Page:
A program that provided low-income parents with free private tutoring for their children has been quietly eliminated from most schools in New Jersey.

The so-called Supplemental Education Services, or SES, were part of the No Child Left Behind Law signed by former president George W. Bush in 2002. Under No Child Left Behind, school districts were required to allocate 20 percent of their federal Title I funds for disadvantaged children to the tutoring services.

But the program had mixed results both nationally and in New Jersey, and never reached its potential.

“It has pretty much disappeared,” said Joseph Luchese, who operates Club Z tutoring in Cape May County. At one time, his company tutored about 300 students in South Jersey. He is now down to nine students from the Lower Cape May Regional school district.

“Once the school districts got the opportunity to stop, they did,” he said.

In 2012, the U.S. Department of Education approved New Jersey’s request for a flexibility waiver from NCLB requirements, which included the Supplemental Education Services.

Information provided by the state Department of Education Office of Title I programs said districts may continue to offer SES or similar programs, but they are no longer required to do so, and there will be no oversight by the state. The department will continue to maintain through 2017 a list of approved SES vendors, which local districts can use, but no new vendors are being accepted.

With budgets tight, many districts converted the funds to in-house programs. Atlantic City had been approved by the state to run its own SES programs and still operates after-school tutoring. Woodbine also put the funds toward its own in-house after-school homework club, Superintendent Lynda Anderson-Towns said.

Lower Cape May Regional Superintendent Chris Kobik said after the state got the waiver, they reviewed the tutoring program and found it worked well for some students, so they decided to keep it as an option.

“We found that where it is appropriate, and when the parents are on board, it does help the students,” Kobik said.

LCMR director of curriculum and instruction Joseph Castellucci said the tutoring is just one of several options made available to Title I students, including after-school and summer programs.

A report by The Press of Atlantic City in 2010, using data from the NJDOE, found that during the previous five-year period, fewer than 20 percent of eligible children took advantage of the tutoring. In 2008-09, the program cost about $1,318 per student, or $28 million statewide. School districts were able to keep unused funds, so they had little incentive to promote the program.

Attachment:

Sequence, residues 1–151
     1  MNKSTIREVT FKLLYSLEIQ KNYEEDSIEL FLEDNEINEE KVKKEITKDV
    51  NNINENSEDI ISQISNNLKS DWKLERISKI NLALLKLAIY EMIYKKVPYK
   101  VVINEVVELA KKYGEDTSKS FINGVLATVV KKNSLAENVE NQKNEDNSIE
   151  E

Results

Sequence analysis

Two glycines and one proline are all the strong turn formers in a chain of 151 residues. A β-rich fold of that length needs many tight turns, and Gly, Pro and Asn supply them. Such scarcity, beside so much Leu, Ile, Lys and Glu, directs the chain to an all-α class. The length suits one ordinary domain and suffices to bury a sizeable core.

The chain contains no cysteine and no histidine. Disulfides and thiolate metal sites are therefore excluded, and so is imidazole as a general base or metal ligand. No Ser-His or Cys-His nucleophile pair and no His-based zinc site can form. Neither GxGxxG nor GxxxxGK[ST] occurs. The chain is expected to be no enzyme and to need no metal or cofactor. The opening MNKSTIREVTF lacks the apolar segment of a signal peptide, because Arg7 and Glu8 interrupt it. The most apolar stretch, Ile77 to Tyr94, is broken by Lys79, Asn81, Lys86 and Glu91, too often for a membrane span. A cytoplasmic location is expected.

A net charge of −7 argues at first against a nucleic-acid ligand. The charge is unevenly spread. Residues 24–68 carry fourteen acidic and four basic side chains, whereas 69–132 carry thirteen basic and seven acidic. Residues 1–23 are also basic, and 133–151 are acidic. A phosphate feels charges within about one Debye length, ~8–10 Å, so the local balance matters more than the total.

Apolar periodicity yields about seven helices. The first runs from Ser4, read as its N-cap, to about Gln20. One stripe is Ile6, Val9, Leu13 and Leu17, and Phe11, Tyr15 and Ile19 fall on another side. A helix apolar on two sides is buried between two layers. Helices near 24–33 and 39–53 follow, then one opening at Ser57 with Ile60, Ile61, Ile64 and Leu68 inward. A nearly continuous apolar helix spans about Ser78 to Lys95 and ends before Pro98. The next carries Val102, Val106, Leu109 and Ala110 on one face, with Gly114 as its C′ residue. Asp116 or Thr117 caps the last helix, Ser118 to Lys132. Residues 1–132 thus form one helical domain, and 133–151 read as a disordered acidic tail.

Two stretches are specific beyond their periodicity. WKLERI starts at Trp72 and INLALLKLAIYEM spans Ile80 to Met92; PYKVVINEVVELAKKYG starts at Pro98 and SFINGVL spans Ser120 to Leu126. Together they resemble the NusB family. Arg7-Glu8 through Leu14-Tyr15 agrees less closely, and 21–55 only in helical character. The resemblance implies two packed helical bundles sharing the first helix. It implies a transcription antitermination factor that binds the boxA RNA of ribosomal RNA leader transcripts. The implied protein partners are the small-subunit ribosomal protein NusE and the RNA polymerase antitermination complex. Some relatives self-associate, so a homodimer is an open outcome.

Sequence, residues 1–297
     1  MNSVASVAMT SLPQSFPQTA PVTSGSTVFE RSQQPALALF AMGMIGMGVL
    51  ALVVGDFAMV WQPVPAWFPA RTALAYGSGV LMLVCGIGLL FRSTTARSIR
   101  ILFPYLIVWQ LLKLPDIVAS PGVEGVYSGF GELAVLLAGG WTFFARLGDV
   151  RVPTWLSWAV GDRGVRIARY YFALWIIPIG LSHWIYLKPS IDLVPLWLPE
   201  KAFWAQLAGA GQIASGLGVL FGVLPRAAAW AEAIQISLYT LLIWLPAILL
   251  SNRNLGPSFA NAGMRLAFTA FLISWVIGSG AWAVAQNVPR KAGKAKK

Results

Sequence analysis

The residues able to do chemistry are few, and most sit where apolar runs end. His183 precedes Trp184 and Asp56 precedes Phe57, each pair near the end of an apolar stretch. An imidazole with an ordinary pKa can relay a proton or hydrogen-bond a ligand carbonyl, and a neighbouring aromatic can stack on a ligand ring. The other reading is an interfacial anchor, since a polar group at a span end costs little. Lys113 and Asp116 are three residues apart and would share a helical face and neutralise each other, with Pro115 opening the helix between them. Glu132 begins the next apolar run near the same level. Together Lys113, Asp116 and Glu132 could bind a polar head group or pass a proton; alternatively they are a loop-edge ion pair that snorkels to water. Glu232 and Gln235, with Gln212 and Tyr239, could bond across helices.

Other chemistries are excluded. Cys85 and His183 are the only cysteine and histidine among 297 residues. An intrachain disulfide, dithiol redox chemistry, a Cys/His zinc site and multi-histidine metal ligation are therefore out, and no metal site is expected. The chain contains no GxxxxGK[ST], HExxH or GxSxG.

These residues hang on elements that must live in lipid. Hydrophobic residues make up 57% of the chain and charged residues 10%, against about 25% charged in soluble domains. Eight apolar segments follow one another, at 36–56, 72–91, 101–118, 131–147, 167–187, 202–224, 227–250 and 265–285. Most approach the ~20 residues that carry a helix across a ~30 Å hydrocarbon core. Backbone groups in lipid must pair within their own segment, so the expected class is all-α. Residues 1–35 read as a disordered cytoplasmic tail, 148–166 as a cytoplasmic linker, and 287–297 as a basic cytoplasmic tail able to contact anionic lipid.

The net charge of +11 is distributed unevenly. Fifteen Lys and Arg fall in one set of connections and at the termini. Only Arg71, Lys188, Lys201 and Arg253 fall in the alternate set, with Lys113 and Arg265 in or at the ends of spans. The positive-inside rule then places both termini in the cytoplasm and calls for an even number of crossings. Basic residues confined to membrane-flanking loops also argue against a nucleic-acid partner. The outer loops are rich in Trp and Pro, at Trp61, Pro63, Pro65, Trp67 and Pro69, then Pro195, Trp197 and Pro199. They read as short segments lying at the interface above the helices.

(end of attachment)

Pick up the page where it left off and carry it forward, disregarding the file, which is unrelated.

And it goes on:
“I was struck by how quickly they gave it up,” Luchese said of district participation. “Our students were improving, and parents were disappointed.”

Providers said the program was successful, but only for students who actively participated. A major complaint statewide and nationally was that since the tutoring was free, parents lost nothing if their child did not attend. But providers were not paid if the student was absent. A 2009 survey found only 44 percent of participating students attended every session, and about 60 percent attended 80 percent of all sessions. Slightly more than half improved either their reading or math. Providers sometimes offered incentives such as gift cards to encourage attendance.

In her book “The Death and Life of the Great American School System,” educator and former U.S. Assistant Secretary of Education Diane Ravitch cited SES as an example of a program not working as it was intended. She cited low participation, poor oversight and monitoring by states, and occasional abuses by tutoring companies.

James Dean, of Deans Learning Centers, which had a site in Cape May County, said they had worked with as many as 30 districts statewide but are now down to just one, in Perth Amboy, Middlesex County. Locally, the company worked with Woodbine and Wildwood.

Dean said while students may still get tutoring, it is the districts that now decide how it is provided, rather than letting parents make the choice. But, he said, one limitation of SES is that it was available only to low-income students.

“Middle-class students couldn’t get it, and not all of them can afford private tutoring,” he said. “So if schools are offering it to more students themselves, it could be a good thing for kids.”

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More than 30 years’ experience reporting and editing for newspapers and magazines in Illinois, Colorado, Texas and New Jersey and 1985 winner of the Texas Daily Newspaper Association’s John Murphy Award for copy editing.